When I lost my daughter Naomi, I felt desperate to be pregnant again. It didn’t matter that I had been so sick, and had months of recovery ahead of me. I didn’t care that my midwife wanted me to wait a year. I had gone from pregnant to not pregnant in a moment and I longed to have life in my womb again instead of loss.

When that loss was compounded by the next, and the next, I went from desperate to discouraged and defeated. I was forty now, and could sense my fertile years, such as they were, coming to an end. I hated the idea of ending those years on a loss. But as the months went on and there was no second line on the tests, I began to resign myself to the possibility that there would be no rainbow baby. But maybe I could make my own rainbow in a different way.
More than one way to have a rainbow 1

And so I did. I talked with my husband about resigning from my job so I could stay home and prepare to homeschool our daughter the next year. I threw myself into writing my personal blog and began to expand our Naomi’s Circle website and ministry. I started to research what training I could get to work with other bereaved parents. I began a website to encourage other parents of only children. I started to see that I could have a rich life even if I did not get the rainbow baby that I wanted.

And then I got pregnant and went through an anxiety-ridden nine months, waiting to see if this was my take-home baby or not. Amazingly, he lived. And he was, and is, the light of our lives.

When he was two, miraculously, we got pregnant again, only to lose that baby within a week. The same thing happened three months later. And once again, I found myself agonizing about the possibility of ending my fertile years on a loss. Defeated again.

Or am I? Thankfully, the lessons I learned the first time around are with me still. Just because my last pregnancy was a loss does not mean that I am down and out for the count. I am not defeated, nor am I destroyed.

After all, the whole idea of the rainbow in the babyloss world is that something beautiful has come after the storm, not negating the pain of loss, but giving hope and light for the future. And there is more than one way to do that. It can be with and through your spouse or other family members. If you have living children, it can be through them. It can be through the nurturing of a gift that you discovered through or after your loss. It can be through a project to help others. It can be through anything that is a vehicle for life that needs your attention to flourish.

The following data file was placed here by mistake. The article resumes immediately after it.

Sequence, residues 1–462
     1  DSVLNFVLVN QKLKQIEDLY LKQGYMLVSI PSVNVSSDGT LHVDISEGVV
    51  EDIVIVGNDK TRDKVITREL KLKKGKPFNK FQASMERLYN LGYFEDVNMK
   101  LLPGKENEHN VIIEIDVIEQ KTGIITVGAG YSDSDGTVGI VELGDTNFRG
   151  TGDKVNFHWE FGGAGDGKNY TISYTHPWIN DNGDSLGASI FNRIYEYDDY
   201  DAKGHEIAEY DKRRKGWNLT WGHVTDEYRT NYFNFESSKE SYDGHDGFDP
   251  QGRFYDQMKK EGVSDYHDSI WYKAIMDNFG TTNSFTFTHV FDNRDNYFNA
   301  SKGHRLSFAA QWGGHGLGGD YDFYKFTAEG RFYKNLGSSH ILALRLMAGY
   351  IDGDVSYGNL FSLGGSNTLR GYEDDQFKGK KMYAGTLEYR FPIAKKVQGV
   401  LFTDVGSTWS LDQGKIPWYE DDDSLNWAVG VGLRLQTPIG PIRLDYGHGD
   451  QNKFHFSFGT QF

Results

The other idea of the rainbow that is meaningful in my faith background is the promise from God that he would not ever again flood the earth in judgment. It is a reminder of God’s mercy and salvation, and of his presence that carried me through my losses and can carry me through the disappointment of secondary infertility, too.

That is the biggest lesson I learned the first time I thought I was done, before our son came along. And no, I don’t think God waited for me to learn that lesson before he let me get pregnant. But I am glad that I did, because for me, finding my faith and joy and hope again in other ways helped me get through the anxiety of being pregnant after loss, and it helped me place my hope in God, and not in the baby I so dearly wanted. Now that I am looking at that possibility again, I am looking back and drawing strength from that time as I wait, month after month, to see if there might still be another take-home baby for us.

So I haven’t given up yet. But in my waiting, I am trying not to let my hope and joy be dependent on having another rainbow baby. I want to find it in the other people I love, in my God and my faith, in my own personal growth, and in the comfort and satisfaction of reaching out to help others.

Because yes, there is more than one way to have a rainbow.

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